In this conventional system, the supply pipe 83 and return pipe 77 are sized to receive a volume of fluid flow equivalent to the sum of the maximum desired fluid flow rates for each destination point 85. In actual operation, however, all of destination points 85 do not require maximum fluid flow at the same point in time.
As shown in FIG. 6, the diversifying campus-type piping system, or primary-secondary diversifying piping system, of the present invention shares the following elements with the conventional campus-type piping system: supply pipe 83, central plant 79, circulation unit 81, return pipe 77, destination points 85, inlet piping 87b, outlet piping 87a, and secondary circulation unit 88. However, unlike the conventional campus-type piping system, the diversifying campus-type piping system of the present invention uses the flow controller valve 93, described above, in the inlet piping 87b, and/or the outlet piping 87a of the destination points 85. When the flow regulating valve 93 is used, balancing valve 89, differential pressure valve 91 and control valve 90 are not needed. A balancing valve is not needed because the flow regulating valve 93 is substantially pressure independent. A differential pressure valve is not used because flow regulating valve 93 will operate accurately regardless high and/or fluctuating inlet pressures. A relief valve is not needed to release excess pressure.
The diversifying campus-type piping system of the present invention, unlike the traditional campus-type system, does not use supply pipes and return pipes sized to receive a volume of fluid flow equivalent to the sum of the maximum desired fluid flow rates for each destination point 85. Instead, the diversifying campus-type piping system, due to flow regulating valve 93, uses a supply pipe 77 and a return pipe 83 sized to contain only the actual maximum flow rate which occurs at any single point in time on the supply pipe 83 or return pipe 77, not a maximum based on the sum of the maximum destination point flow rates which, in reality, do not all occur simultaneously.
In order to maintain the minimum line pressure required for operation of the diversifying campus-type piping system, differential pressure sensor 95 is located near the destination point 85 farthestmost from central plant 79 along outlet piping 87a. Differential pressure sensor 95 maintains the minimum differential pressure at this farthestmost point of system. Differential pressure sensor 95 senses the line pressure at this location and signals a motor (not shown) to activate and deactivate, or to adjust the speed of the circulation unit 81 and/or the secondary circulation units 88.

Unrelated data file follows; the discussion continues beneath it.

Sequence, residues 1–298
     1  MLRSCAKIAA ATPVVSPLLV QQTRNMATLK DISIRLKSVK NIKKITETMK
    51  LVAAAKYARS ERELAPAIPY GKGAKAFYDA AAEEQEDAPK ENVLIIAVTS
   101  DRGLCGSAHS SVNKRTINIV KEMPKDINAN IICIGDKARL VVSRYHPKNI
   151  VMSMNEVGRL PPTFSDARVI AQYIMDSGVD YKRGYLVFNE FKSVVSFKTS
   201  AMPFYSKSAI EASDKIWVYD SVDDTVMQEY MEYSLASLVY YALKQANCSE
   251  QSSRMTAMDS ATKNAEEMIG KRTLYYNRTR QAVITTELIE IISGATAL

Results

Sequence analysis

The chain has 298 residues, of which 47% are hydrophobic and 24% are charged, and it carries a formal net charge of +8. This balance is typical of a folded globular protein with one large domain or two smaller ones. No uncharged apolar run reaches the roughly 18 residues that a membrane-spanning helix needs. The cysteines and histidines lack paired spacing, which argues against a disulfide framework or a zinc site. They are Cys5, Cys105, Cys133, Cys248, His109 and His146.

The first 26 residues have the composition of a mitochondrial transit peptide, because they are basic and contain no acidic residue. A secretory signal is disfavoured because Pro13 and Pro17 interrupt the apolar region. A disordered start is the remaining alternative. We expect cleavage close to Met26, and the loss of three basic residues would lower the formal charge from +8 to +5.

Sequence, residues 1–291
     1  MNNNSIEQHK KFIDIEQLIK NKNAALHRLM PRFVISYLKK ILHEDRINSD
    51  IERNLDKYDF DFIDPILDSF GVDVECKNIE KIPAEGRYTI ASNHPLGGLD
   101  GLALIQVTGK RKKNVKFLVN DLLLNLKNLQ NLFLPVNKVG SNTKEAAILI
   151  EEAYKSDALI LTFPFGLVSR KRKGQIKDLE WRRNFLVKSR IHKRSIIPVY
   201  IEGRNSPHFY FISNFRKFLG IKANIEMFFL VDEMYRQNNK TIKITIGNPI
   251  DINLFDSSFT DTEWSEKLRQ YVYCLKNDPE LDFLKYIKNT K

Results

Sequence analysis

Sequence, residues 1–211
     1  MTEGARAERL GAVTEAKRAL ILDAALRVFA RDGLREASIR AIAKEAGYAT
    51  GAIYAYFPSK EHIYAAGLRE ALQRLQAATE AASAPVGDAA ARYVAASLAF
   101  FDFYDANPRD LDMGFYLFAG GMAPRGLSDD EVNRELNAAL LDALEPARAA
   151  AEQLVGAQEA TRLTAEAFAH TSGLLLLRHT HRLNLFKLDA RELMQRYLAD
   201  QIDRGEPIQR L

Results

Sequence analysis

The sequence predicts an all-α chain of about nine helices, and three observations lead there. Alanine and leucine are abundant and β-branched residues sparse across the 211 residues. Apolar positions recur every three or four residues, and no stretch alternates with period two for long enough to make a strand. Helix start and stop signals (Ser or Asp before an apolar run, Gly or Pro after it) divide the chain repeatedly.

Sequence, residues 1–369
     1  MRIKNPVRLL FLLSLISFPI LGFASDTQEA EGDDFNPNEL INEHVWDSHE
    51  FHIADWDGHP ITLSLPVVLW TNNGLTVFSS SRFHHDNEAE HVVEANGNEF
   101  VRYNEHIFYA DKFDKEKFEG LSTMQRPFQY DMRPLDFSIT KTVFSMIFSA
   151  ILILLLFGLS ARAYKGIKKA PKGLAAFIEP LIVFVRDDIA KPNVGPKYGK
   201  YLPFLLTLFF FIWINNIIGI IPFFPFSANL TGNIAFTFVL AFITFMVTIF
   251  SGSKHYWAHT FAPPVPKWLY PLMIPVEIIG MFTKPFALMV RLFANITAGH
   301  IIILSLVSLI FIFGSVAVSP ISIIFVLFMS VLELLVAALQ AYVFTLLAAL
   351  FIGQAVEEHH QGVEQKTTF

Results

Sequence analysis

The third embodiment of a system using the flow regulating valve of the present invention is a pressure source piping system. A conventional pressure source piping system for use in piping natural gas, or steam system for example, is shown in FIG. 7. In this conventional system a pressure source 97, such as a pressure tank, for example, is connected to a supply main 99. A plurality of arterial pipes 101 branch from the supply main 99 and feed a plurality of destination points (not shown). Each of arterial pipes 101 preferably has a shut-off valve 103 adjacent to the connection point of supply main 99 and arterial pipe 101. A balancing valve 105, differential pressure valve 107, control valve 109 and second shut-off valve 111 are sequentially located on arterial pipe 101 downstream from shut-off valve 103.
The pressure source piping system employing the flow regulating valve of the present invention is shown in FIG. 8. This system, like the conventional pressure source piping system, has a pressure source 97, supply main 99, arterial pipes 101 and shut-off valves 103 and 111. However, unlike the conventional system, the pressure source piping system of the present invention uses flow regulating valve 113, described above, on each arterial pipe 101 in place of balancing valve 107 and differential pressure valve 07. These two conventional elements are not required based on the same reasons elaborated in explanation of the coil-type piping system of FIG. 4 and the diversifying campus-type piping system of FIG. 6.
While particular embodiments of the present invention have been described in some detail above, changes and modifications may be made in the illustrated embodiments without departing from the form or spirit of the invention. It is therefore intended that the following claims cover all equivalent modifications and variations as fully within the scope of the invention as defined by the claims.
|Cited Patent||Filing date||Publication date||Applicant||Title|
|US2655935 *||Dec 26, 1946||Oct 20, 1953||Kinzbach Robert B||Pressure relief valve assembly|
|US2916047 *||Dec 18, 1953||Dec 8, 1959||Butcher Kenneth L||Automatic regulation of the rate of flow of a fluid through a pipe or the like|
|US3344805 *||Mar 24, 1965||Oct 3, 1967||Fischer & Porter Co||Automatic flow rate control system|
|US3357448 *||Jun 14, 1965||Dec 12, 1967||Micro Pump Corp||Constant flow valve|